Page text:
Three dimensional integration technology using copper wafer bonding
Author(s)Fan, Andy, 1976-
Massachusetts Institute of Technology. Dept. of Electrical Engineering and Computer Science.
L. Rafael Reif and Akintunde Ibitayo Akinwande.
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With 3-D integration, the added vertical component could theoretically increase the device density per footprint ratio of a given chip by n-fold, provide a means of heterogeneous integration of devices fabricated from different technologies, and reduce the global RC delay to a non-factor in circuits by using smarter 3-D CAD tools for optimizing device placement. This thesis work will focus primarily on the development and realization of a viable 3-D flow fabricated within MTL. Specifically, the presentation will attempt on answering these questions in regards to 3-D: 1. What enabling technologies were needed for 3-D to work ? 2. Does it really work ? 3. Will the "3-D heat dissipation problem" prevent it from working ? 4. What applications is it good for ? Referring to the first item, a viable 3-D integration flow has been developed on both the wafer-and-die-level, and the enabling technologies were the following: Low temperature Cu-Cu thermocompression bonding, an aluminum-Cu based temporary laminate structure used stabilizing the handle wafer - SOI wafer bond, and tooling optimization of the die-die bonder setup in TRL.(cont.,) Next, nominal feasibility of the 3-D flow was demonstrated by fabricating a 21-stage and 43-stage CMOS ring oscillators, where each single CMOS inverter / buffer stage was constructed by connecting NMOS-only devices from one substrate with PMOS-only devices from a separate substrate. Proof-of-concept was accomplished when all 92 Cu-Cu bonds, 204 thru-SOI Cu damascene vias, and 56 pairs of MOSFETs communicated simultaneously to produce a 2.75 MHz (43-stage) and 5.5 MHz (21-stage) oscillators, ringing rail-to-rail at 5 V Vdd under proper Vt adjustments on the SOI-PMOS using integrated backgates. Furthermore, to combat the perceived heat dissipation problem in 3-D, this work focused on using the Cu-Cu interlayer bond as heat dissipators, with Cu planes working as flux spreaders and Cu vias as direct heat conduits. Finally, 3-D RF passive integration onto existing chips can be made feasible, under certain device performance trade-offs, by using cobalt magnetic shielding, which offers at least a -10 dB throughout 0-20 GHz, with a max isolation of -24 dB at 13 GHz, at +4 dBm reference input power.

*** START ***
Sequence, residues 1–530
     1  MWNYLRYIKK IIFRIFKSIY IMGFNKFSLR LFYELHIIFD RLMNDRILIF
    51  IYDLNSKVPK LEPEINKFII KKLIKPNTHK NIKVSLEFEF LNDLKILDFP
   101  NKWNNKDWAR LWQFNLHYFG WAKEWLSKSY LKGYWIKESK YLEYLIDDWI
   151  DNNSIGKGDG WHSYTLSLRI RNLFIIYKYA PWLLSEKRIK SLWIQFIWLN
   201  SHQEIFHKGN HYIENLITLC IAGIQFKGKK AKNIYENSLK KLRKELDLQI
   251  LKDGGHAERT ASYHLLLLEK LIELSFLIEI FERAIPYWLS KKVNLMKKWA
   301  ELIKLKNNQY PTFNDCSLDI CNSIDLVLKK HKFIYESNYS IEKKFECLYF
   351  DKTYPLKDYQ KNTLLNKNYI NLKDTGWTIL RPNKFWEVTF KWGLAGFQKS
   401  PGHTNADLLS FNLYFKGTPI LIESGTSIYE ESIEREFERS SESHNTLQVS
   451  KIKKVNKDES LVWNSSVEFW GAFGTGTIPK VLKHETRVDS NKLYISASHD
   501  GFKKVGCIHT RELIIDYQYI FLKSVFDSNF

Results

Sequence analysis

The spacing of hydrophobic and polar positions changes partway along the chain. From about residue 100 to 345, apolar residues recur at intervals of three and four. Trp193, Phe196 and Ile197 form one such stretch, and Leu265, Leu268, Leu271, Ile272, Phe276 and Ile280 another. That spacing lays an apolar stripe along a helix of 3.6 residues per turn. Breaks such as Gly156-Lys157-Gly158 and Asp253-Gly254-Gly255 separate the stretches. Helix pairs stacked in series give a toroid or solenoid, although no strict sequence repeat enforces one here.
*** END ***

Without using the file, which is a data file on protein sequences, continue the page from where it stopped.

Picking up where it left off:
Thesis (Ph. D.)--Massachusetts Institute of Technology, Dept. of Electrical Engineering and Computer Science, 2006.Includes bibliographical references (p. 216-219).
DepartmentMassachusetts Institute of Technology. Department of Electrical Engineering and Computer Science
Massachusetts Institute of Technology
Electrical Engineering and Computer Science.